BBC NEWS Americas Africa Europe Middle East South Asia Asia Pacific Arabic Spanish Russian Chinese Welsh

 You are in: World: South Asia
Front Page 
Middle East 
South Asia 
From Our Own Correspondent 
Letter From America 
UK Politics 
Talking Point 
In Depth 

Commonwealth Games 2002

BBC Sport

BBC Weather

Wednesday, 26 September, 2001, 10:18 GMT 11:18 UK
Sikhs 'trapped' in Afghanistan
Sikh gurudwara
Many Sikhs are taking refuge in temples
By Vineeta Dwivedi in Delhi

Most of the Sikh community in Afghanistan have taken refuge in gurudwaras (Sikh temples) as fears grow of possible military action against the Taleban, according to a voluntary organisation in the Indian capital, Delhi.

Sikh women
There are about 1,500 Sikhs still in Afghanistan
The Afghan Hindu-Sikh Welfare Society says there are at least 1,500 Sikhs still living in different parts of Afghanistan, but they are unable to leave because they don't have travel documents.

These Sikhs are amongst those who went to Afghanistan centuries ago as traders or businessmen.

Until the invasion by Soviet forces and the start of conflict in the 1980s, a number of Sikh families in Afghanistan were prospering.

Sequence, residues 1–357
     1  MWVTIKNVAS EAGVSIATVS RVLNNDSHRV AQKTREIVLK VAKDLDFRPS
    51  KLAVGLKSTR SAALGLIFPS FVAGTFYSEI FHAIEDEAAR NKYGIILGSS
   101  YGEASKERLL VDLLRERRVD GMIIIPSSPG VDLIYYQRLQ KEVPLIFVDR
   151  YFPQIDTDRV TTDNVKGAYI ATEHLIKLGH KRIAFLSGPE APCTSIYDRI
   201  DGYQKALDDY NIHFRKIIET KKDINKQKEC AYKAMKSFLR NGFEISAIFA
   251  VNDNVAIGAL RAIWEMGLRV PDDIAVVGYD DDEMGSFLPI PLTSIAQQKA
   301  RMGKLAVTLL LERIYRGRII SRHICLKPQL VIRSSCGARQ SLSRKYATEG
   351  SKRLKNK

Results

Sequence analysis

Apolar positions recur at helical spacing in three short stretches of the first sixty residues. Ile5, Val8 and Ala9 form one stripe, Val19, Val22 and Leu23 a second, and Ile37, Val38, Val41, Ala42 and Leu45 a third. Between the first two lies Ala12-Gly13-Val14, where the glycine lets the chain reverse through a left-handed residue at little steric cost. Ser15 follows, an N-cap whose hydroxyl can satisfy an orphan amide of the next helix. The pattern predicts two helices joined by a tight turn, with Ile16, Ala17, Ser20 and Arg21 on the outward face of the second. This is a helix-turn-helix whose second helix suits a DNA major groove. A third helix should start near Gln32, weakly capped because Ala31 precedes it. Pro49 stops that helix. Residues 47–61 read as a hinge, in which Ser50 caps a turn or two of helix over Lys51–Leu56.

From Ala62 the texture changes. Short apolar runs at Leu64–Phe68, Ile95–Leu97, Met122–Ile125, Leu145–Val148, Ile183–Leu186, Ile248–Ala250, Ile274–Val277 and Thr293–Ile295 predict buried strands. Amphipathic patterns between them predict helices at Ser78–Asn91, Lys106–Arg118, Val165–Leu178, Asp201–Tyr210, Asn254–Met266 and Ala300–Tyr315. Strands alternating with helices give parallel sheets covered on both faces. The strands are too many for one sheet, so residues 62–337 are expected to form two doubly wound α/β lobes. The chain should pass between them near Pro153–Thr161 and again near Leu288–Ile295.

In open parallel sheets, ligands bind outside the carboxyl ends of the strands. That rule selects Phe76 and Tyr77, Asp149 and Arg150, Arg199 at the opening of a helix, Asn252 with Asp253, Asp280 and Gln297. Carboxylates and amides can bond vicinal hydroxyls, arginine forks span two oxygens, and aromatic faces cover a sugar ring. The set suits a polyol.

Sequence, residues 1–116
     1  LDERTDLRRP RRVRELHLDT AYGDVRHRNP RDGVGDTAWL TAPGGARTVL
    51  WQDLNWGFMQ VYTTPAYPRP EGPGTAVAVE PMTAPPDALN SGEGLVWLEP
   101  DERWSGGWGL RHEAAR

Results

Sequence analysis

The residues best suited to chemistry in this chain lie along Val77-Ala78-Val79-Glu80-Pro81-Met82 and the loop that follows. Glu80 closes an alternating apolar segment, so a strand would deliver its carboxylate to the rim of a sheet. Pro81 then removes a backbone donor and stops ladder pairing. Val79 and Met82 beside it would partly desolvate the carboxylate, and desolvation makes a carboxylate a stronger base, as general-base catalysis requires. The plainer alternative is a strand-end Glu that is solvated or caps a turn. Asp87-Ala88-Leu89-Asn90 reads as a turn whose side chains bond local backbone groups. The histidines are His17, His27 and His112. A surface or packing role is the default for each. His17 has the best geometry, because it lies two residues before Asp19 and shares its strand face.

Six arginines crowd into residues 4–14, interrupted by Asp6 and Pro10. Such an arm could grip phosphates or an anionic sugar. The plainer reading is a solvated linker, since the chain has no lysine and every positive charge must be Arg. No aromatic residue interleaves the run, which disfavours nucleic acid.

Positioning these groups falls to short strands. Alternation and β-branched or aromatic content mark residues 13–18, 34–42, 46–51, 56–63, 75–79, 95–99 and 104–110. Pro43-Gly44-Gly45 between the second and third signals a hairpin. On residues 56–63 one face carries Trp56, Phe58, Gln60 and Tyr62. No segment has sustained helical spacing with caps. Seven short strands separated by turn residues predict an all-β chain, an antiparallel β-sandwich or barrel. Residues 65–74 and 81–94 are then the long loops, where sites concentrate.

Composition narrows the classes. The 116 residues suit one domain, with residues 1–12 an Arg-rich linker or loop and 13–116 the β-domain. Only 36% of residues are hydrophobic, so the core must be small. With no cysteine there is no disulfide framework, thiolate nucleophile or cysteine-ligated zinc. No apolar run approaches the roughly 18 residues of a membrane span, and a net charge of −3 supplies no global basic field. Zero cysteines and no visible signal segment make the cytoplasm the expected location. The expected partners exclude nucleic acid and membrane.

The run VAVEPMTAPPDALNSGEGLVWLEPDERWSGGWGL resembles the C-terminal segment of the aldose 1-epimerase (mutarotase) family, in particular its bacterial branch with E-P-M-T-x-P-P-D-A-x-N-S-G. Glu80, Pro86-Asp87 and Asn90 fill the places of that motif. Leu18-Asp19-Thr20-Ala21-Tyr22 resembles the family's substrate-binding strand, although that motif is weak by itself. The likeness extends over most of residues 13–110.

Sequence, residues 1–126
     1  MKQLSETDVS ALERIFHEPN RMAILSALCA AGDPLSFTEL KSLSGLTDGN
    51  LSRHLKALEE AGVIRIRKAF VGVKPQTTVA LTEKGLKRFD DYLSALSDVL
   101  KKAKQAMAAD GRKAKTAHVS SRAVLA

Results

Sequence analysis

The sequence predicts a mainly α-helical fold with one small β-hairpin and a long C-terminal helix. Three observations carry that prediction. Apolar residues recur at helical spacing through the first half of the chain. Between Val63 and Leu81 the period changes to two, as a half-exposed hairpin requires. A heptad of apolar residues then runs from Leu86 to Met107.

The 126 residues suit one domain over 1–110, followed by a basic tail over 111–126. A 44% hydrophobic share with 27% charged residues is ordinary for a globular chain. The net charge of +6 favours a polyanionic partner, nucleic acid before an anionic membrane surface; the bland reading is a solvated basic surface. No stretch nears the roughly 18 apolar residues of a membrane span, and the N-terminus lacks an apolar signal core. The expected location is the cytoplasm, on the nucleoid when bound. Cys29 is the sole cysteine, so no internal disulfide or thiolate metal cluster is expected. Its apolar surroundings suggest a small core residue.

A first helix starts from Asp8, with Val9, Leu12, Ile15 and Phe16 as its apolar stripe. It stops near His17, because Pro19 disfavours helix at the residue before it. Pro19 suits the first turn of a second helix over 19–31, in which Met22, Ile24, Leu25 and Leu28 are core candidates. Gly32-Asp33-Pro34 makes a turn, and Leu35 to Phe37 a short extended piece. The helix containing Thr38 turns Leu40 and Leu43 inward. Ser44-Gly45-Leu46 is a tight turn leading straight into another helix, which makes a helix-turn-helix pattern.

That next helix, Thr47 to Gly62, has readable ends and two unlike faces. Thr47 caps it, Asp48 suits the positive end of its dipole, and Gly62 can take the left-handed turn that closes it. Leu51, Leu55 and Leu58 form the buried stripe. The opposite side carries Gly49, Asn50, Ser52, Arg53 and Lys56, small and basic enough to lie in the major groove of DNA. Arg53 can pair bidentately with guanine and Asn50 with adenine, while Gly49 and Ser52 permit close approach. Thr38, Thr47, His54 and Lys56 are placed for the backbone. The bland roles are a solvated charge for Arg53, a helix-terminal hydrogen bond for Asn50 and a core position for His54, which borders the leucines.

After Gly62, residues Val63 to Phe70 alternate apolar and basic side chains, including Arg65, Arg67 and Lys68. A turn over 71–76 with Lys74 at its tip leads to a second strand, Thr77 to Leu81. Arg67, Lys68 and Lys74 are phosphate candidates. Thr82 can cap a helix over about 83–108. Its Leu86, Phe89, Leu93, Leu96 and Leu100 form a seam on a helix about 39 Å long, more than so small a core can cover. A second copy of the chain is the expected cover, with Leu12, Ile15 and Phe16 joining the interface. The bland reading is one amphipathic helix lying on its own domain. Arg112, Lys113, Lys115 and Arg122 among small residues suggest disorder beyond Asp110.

But after the outbreak of war, these affluent members of the community fled back to India.

However, this was all but impossible for the less privileged members of the Sikh community.

Travel problems

The Delhi office of the UNHCR says Sikh families are living in at least five Afghanistan cities - Ghazni, Kabul, Jalalabad, Ilmand and Kandahar.

The Delhi president of the Afghan Hindu-Sikh welfare society, Sardar Manohar Singh - who himself returned from Afghanistan in 1979 - told the BBC that these Sikhs stayed either because they didn't have passports or because visas were no longer available.

Ever since the Taleban took over in Afghanistan, India has not had any diplomatic mission there, making it impossible to obtain visas.

Mr Singh also said that a few Sikh families went to Afghanistan a couple of years ago - despite the unsettled political atmosphere - because they had no other means of survival.

They found jobs as unskilled labourers.

The families of those Sikhs say they hardly if ever receive news about their relatives in Afghanistan.

See also:

26 Sep 01 | South Asia
UN plea for open Afghan borders
23 May 01 | South Asia
Taleban justify tagging Hindus
20 Dec 00 | South Asia
Analysis: Who are the Taleban?
Internet links:

The BBC is not responsible for the content of external internet sites

Links to more South Asia stories are at the foot of the page.

E-mail this story to a friend

Links to more South Asia stories